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Reform Oregon Tattooing

With Multnomah County entering into Phase 1 of Oregon’s reopening plan tomorrow (June 12), dozens of restaurants, bars, and shops are, as you read this, hurriedly making sure they meet the state guidelines to keep customers safe. That includes the city’s many tattoo parlors.

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(Update, June 11, 7:30 pm: Gov. Kate Brown has placed a hold on Multnomah County's reopening plans for at least one week, after Oregon saw a spike in new COVID-19 cases.)

“I’ve been in my studio all weekend, literally walking around with a tape measure and moving furniture and completely revamping the schedule,” says Tomma Mueller, co-owner of Anatomy Tattoo. “We have to have all new procedures: one client, one tattoo artist, and nobody else. We’re figuring out how we’re going to get people in the front door with clean hands and a mask on. It’s not just reopening. It’s a whole different ball game than it was before we left.”

Like all estheticians, tattoo artists are in a particularly fraught position during the coronavirus pandemic. Theirs is a high touch profession that requires getting up close and personal with their clients with the added risk of contracting infection through bloodborne pathogens.

That would be concerning enough, but there are even greater issues at play. The Oregon tattoo industry has seen a huge influx of new artists. There are, at present, 1,375 licensed tattoo artists in the state—nearly 450 in Multnomah County alone—up from around 900 just two years ago. While potentially exciting for the continued growth of this artform, what many established tattooers are seeing is a flood of inexperienced artists being pushed through understaffed, overpopulated schools that are doing more harm than good.

“They’re cutting a huge hole in the industry,” Mueller says. “As these schools have ramped up, they’re putting artists out in three to six months, multiple times. It’s thinned the ability for a lot of us who have worked here for a long time to continue to make a living wage. And there’s not a lot of ethical learning in these schools. They don’t understand why undercutting themselves is undercutting the industry as a whole.”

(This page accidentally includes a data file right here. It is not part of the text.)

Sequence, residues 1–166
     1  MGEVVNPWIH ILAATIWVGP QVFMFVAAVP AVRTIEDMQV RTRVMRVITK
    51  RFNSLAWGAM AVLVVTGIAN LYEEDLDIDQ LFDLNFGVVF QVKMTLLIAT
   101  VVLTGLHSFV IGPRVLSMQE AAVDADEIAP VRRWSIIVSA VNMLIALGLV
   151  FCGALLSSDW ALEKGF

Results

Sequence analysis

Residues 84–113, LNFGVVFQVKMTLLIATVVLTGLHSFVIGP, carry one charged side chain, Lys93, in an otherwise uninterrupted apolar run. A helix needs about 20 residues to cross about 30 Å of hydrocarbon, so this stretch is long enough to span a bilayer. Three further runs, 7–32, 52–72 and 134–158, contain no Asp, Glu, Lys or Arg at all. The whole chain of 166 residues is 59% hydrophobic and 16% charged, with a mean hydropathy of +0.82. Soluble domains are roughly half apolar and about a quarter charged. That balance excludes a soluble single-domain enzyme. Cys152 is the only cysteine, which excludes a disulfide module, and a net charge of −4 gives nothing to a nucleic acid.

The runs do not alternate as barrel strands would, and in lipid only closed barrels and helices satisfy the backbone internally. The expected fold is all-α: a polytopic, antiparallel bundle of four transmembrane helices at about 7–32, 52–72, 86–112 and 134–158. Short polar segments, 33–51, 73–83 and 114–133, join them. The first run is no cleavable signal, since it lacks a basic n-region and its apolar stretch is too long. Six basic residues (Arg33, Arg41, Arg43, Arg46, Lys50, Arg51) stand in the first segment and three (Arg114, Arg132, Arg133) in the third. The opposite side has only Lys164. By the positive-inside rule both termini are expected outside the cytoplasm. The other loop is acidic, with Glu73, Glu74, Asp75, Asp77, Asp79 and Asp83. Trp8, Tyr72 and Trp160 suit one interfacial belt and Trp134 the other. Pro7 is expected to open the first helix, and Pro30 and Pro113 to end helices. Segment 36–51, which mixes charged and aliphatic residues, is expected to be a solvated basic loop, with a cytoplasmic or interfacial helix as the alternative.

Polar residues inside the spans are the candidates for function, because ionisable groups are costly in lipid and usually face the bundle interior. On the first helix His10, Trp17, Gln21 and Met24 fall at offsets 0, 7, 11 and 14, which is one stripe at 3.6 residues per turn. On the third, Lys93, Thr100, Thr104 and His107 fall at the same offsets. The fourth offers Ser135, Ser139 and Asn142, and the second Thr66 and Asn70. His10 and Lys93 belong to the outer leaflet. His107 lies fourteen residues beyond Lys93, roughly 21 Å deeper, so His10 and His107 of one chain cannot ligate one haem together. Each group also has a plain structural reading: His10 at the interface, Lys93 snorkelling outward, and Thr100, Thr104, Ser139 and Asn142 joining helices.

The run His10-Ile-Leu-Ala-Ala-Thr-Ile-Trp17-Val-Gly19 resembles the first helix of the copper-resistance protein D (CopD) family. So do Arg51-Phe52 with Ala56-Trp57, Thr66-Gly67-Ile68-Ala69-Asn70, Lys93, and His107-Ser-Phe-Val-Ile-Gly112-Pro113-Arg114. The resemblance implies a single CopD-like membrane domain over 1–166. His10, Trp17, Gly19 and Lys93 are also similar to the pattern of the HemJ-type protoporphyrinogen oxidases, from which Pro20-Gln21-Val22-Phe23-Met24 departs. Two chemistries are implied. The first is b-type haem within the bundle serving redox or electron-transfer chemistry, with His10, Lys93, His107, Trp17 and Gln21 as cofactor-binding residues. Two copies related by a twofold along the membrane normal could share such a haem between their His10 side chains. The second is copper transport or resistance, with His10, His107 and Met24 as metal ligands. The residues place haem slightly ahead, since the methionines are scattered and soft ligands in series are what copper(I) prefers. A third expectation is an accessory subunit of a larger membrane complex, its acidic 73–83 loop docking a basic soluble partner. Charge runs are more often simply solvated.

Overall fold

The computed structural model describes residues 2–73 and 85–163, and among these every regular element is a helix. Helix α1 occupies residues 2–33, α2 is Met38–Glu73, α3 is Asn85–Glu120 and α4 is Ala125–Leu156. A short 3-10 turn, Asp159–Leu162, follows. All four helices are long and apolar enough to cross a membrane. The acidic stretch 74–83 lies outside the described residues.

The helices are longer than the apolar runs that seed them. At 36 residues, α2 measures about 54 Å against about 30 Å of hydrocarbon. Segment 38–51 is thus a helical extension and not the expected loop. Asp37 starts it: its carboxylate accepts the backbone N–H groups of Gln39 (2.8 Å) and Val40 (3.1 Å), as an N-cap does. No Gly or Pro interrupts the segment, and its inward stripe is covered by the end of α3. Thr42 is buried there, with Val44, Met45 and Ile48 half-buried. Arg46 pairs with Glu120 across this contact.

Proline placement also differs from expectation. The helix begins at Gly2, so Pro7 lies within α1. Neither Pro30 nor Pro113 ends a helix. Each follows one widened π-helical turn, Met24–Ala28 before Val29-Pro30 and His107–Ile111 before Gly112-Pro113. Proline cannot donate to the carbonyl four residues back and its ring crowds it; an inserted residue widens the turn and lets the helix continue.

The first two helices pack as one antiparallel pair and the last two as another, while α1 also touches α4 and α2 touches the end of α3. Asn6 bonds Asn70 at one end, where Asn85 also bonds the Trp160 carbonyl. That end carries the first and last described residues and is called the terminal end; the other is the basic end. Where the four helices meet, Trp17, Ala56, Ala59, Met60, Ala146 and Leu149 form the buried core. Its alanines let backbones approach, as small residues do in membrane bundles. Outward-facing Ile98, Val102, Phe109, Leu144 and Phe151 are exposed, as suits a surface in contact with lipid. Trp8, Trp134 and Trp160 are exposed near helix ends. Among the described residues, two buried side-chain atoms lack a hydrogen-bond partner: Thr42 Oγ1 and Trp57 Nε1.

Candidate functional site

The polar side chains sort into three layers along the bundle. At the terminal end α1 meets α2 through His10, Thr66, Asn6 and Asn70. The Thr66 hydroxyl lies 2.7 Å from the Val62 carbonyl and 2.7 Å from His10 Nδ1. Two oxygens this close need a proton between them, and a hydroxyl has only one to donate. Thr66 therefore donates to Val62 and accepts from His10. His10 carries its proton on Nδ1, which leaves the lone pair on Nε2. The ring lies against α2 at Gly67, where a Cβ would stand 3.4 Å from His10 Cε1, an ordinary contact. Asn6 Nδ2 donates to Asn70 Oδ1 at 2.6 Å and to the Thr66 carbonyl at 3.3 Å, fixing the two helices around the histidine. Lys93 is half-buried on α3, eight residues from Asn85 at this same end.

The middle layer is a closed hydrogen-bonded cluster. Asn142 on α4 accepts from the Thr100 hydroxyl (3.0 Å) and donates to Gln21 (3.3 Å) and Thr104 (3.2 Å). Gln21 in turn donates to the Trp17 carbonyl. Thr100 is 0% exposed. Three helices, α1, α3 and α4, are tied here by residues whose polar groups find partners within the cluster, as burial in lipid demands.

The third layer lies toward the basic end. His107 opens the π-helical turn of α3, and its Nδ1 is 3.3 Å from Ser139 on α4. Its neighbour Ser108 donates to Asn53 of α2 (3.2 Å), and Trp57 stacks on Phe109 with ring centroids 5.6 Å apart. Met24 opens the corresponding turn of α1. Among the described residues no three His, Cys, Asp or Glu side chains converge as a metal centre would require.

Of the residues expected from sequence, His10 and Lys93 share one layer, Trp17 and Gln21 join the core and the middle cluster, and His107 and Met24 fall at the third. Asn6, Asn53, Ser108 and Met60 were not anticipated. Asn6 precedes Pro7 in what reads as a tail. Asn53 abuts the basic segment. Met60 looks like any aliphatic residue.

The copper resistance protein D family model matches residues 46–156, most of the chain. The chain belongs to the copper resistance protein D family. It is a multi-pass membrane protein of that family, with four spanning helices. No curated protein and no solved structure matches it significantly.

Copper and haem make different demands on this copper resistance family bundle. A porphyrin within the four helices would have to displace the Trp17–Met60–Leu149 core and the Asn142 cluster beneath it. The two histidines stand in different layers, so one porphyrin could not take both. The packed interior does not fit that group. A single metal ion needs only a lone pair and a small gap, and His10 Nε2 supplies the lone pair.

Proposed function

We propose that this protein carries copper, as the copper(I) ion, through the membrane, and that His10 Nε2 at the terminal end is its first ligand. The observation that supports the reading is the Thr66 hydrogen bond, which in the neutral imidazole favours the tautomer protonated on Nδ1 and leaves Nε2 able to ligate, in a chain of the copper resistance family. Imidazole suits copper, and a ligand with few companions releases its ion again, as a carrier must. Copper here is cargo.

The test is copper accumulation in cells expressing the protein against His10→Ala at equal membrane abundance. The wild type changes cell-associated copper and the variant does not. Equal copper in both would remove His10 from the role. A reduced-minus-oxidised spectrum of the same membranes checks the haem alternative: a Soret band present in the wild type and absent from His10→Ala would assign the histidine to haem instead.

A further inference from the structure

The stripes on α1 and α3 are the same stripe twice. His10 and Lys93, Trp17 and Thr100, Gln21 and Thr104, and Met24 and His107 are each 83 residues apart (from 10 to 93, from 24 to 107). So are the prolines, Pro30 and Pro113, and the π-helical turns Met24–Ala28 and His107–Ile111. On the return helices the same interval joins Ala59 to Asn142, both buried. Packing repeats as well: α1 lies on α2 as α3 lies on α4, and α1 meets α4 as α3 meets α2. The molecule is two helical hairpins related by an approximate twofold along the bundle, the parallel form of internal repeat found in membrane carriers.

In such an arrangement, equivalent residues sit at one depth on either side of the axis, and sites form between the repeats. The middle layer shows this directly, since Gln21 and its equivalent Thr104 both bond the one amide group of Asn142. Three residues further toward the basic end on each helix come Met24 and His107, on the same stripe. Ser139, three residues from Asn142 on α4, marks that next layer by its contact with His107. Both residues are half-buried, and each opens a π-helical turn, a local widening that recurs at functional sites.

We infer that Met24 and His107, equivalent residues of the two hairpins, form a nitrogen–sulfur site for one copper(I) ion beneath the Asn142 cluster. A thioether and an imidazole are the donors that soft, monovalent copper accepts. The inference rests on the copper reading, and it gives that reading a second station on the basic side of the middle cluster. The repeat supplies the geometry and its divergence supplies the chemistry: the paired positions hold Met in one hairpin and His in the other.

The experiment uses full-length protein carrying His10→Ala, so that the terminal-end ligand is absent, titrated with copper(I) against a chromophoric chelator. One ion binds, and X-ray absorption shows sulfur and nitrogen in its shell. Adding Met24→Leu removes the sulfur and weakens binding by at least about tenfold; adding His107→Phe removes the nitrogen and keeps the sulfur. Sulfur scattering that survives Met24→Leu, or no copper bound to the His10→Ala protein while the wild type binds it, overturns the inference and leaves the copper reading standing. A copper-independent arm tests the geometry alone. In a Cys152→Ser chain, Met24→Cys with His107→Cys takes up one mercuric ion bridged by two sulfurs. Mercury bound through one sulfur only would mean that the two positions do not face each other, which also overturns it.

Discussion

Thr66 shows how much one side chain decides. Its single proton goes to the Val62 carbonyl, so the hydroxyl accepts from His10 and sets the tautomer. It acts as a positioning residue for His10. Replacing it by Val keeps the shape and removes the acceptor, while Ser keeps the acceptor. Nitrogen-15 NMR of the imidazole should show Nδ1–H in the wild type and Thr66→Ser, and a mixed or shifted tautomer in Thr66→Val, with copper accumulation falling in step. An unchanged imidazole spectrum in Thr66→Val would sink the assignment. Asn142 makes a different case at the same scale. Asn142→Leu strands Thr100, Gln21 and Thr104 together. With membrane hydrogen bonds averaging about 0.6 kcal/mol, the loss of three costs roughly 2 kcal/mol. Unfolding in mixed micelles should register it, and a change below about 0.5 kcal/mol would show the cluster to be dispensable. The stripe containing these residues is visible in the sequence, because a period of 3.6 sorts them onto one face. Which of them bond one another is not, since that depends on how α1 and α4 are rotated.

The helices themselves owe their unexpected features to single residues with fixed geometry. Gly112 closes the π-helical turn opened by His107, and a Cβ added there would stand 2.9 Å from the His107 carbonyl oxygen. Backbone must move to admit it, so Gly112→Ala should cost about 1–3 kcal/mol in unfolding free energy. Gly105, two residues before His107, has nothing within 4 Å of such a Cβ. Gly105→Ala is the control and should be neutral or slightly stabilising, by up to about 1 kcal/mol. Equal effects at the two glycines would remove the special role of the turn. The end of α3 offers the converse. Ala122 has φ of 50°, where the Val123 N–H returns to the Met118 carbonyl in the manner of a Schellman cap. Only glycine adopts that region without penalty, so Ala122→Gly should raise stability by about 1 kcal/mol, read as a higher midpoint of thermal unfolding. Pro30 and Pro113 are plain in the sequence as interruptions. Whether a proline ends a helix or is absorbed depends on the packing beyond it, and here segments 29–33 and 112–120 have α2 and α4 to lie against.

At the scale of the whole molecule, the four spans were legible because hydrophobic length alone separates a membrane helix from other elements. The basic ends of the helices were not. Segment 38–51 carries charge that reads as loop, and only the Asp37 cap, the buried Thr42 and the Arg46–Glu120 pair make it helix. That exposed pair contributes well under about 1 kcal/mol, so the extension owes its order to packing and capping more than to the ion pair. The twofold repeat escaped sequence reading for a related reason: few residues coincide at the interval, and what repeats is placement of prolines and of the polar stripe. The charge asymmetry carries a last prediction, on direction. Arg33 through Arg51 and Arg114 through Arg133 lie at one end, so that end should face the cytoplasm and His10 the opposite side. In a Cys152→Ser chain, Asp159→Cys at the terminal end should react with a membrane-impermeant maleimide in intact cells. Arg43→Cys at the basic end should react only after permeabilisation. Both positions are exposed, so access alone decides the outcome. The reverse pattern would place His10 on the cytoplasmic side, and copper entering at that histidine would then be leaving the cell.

Problems like these are what prompted Mueller and two of her friends and fellow tattoo artists—Olivia Britz-Wheat, who works out of Scapegoat Tattoo, and Jessi Preston, the owner of Lombard Street Tattoo—to start Reform Oregon Tattooing (ROT), an advocacy group that wants to fix the state regulations that are harming the industry they love, as well as helping the artists that are here to navigate the pandemic-clouded present.

ROT began about three years ago when Britz-Wheat wanted to take on an apprentice, but realized that, to make that happen, they would have to jump through a dispiriting amount of regulatory loopholes that essentially forced her and her boss to register Scapegoat as a tattoo school.

“It took us three years to do all the paperwork,” Britz-Wheat remembers. “Over $4,000. It was so frustrating. Just the fact that [someone] that had been tattooing for over 10 years wasn’t legally able to apprentice one person without basically opening a school that, in their eyes, is meant to run forever. We were in a very tough situation.”